“You know when you spend your life doing something and believing that it’s the right thing to do and suddenly another soldier decides that it’s not the way to do it and gets free (of it) then your whole world becomes not so real anymore.”
It was, then, a physically demanding role for Cassel who features in a series of spectacular scenes, including the finale, an incredible car chase along the famous Strip in Las Vegas. “It’s very physical of course – we drive, we run, we shoot, we hide. It’s almost like being a mime.
“Some of it was pretty challenging I guess, especially, the fight and then the car stuff, I mean, it’s so dangerous that 99 per cent has to be done by the ‘real’ guys (stunt teams).
“You do stunts that you can do. Stunts are a real art in itself and it’s really tough. So you can do fight stuff but what they do with the cars in the movie, you can’t do as an actor – you can’t. And anyways, the insurance won’t let you do it,” he laughs.
He also has a brutal fight scene with Damon as Bourne – one of the few times they share the same frame – which, he reveals, was changed at the very last minute.
“We had to rehearse the fight scene and it was changed at the last minute – but I guess all that training, all that learning (moves) for the fight and all those movements we learnt for nothing, in a way, weren’t for nothing and I guess that was the training.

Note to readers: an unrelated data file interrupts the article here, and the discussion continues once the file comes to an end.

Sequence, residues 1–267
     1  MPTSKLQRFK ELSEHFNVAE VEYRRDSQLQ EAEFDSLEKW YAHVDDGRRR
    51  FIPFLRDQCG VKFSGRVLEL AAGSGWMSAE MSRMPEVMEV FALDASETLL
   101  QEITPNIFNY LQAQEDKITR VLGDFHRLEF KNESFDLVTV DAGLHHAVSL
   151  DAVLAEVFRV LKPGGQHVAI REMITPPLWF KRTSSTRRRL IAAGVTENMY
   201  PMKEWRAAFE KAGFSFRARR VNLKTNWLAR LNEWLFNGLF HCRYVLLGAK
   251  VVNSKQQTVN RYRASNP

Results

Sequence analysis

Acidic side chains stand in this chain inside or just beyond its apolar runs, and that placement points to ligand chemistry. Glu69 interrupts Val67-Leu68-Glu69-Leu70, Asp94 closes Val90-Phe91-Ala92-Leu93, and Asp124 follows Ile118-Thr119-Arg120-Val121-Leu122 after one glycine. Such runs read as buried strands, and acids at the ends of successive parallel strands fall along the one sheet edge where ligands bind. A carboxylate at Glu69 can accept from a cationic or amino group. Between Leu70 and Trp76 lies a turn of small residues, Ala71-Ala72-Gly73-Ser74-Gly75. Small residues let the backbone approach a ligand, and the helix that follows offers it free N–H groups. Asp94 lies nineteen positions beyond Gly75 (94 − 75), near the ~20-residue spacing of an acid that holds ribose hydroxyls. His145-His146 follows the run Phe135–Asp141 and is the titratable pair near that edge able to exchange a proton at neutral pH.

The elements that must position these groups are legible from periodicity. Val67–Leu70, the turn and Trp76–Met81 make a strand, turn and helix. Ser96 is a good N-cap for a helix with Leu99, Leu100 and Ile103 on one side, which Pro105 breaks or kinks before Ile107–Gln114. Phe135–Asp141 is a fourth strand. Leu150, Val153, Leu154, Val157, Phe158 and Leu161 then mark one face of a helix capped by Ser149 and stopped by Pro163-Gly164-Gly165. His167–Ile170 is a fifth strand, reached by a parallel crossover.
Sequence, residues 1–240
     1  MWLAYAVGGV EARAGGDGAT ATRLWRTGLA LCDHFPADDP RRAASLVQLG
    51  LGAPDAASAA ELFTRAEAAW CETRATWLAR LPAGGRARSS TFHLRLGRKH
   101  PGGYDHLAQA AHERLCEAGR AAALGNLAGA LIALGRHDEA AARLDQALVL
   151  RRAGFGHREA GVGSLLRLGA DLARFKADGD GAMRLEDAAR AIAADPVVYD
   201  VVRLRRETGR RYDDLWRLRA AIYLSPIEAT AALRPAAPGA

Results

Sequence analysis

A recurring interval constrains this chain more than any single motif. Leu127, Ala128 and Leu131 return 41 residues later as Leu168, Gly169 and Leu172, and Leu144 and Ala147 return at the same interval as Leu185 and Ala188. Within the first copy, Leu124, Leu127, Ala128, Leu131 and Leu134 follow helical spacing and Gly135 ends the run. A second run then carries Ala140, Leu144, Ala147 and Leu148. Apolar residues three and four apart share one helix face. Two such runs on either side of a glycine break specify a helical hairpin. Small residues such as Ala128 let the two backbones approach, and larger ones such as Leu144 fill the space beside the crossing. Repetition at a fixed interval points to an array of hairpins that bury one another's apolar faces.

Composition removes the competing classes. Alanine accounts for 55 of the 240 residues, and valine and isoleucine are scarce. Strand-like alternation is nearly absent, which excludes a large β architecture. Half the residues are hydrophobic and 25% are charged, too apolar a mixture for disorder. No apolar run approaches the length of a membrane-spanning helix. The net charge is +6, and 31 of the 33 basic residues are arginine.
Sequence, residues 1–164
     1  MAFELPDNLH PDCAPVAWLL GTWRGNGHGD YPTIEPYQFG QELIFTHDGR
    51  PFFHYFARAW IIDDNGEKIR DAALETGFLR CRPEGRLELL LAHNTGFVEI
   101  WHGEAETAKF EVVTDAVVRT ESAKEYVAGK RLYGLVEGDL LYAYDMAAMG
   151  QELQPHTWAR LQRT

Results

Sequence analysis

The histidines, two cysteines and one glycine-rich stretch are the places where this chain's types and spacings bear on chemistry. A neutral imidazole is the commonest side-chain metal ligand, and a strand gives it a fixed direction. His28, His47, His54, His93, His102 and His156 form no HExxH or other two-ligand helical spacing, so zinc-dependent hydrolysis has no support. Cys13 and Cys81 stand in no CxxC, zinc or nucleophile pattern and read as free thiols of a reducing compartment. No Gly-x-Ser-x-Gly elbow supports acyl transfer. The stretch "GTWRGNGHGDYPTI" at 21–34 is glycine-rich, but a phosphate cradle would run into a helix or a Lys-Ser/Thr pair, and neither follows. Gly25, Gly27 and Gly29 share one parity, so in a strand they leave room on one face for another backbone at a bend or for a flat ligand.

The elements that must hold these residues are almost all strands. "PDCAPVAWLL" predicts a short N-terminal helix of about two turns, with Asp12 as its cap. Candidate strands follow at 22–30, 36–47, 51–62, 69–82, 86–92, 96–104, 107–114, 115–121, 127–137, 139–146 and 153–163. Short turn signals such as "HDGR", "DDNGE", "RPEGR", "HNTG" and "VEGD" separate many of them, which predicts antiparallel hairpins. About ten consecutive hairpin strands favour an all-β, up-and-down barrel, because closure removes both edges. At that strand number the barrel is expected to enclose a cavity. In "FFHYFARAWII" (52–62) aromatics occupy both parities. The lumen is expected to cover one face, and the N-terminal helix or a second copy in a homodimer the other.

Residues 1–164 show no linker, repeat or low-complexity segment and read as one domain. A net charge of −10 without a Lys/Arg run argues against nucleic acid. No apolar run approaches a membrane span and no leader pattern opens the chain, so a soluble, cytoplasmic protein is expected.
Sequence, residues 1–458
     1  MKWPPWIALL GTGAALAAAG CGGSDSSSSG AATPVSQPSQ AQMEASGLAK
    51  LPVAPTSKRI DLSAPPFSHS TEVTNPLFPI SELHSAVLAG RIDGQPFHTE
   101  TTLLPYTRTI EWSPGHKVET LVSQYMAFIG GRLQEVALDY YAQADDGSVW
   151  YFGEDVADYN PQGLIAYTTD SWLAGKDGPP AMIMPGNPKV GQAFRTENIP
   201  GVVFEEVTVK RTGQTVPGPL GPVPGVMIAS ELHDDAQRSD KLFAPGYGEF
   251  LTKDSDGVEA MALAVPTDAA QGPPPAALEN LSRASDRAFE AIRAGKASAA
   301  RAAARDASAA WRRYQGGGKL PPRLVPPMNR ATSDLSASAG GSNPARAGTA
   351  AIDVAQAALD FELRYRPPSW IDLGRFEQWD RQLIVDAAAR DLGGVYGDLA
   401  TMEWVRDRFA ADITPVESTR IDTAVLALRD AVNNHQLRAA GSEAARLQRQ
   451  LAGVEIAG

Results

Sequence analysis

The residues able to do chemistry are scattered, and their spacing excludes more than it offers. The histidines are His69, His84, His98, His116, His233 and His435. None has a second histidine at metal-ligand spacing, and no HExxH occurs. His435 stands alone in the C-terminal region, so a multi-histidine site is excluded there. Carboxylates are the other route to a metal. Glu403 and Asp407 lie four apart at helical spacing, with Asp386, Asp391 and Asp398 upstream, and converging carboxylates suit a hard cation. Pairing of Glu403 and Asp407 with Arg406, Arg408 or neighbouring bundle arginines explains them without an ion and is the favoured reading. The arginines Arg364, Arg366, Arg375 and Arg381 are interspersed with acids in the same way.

“In each and every country we had a room where we could practice the fights with a bunch of stunt guys who were doing the choreography.
“It was fun and it was nice. And it’s true, we only saw each other on camera really so it was wonderful to be in the same room working together. I wish we could have done more.
“You know to do a fight together it’s like dancing when you think about it. It’s very mechanical in a way so in terms of acting it’s a lot of ‘aargh’ and ‘ohh..’” he laughs. “So it’s a certain kind of acting.”
It was, then, a hugely memorable filmmaking experience – long, at times exhausting, but enjoyable, working with a great cast and crew.
“It was long – very long,” he laughs. “And when I say that, it’s not the shooting itself because when you get on set, it’s happening and the core crew is going very fast all day long but there are so many things happening, so many people involved, it’s like you are lost in limbo – that would be Las Vegas for me – and you are there and you wait until they call you and sometimes they call you and say ‘OK, we might need you around 10 at night, maybe 12 or 2..’
“And finally they call you at 3.30am and you have been sleeping and you get back on set and you get into a car and they make it jump from a bridge or something like that.
“So the pace has nothing to do with the actors – that’s what I meant by long – and you have to accept that. But apart from that, that crew is so lovely and very relaxed and I didn’t feel any bullshit going on on set so it was easy.”
Cassel was born in Paris. He has worked extensively in both European cinema and in Hollywood. His films include La Haine, L’Appartement, Irreversible, Jefferson in Paris, Elizabeth, Birthday Girl, Ocean’s Twelve, Eastern Promises, Mesrine Part 1: Killer Instinct, Adrift, Black Swan, A Dangerous Method, My King, One Wild Moment and It’s Only The End of the World.
Jason Bourne is available on Digital from 14th November and on Blu-ray™ and DVD from 28th November, from Universal Pictures (UK)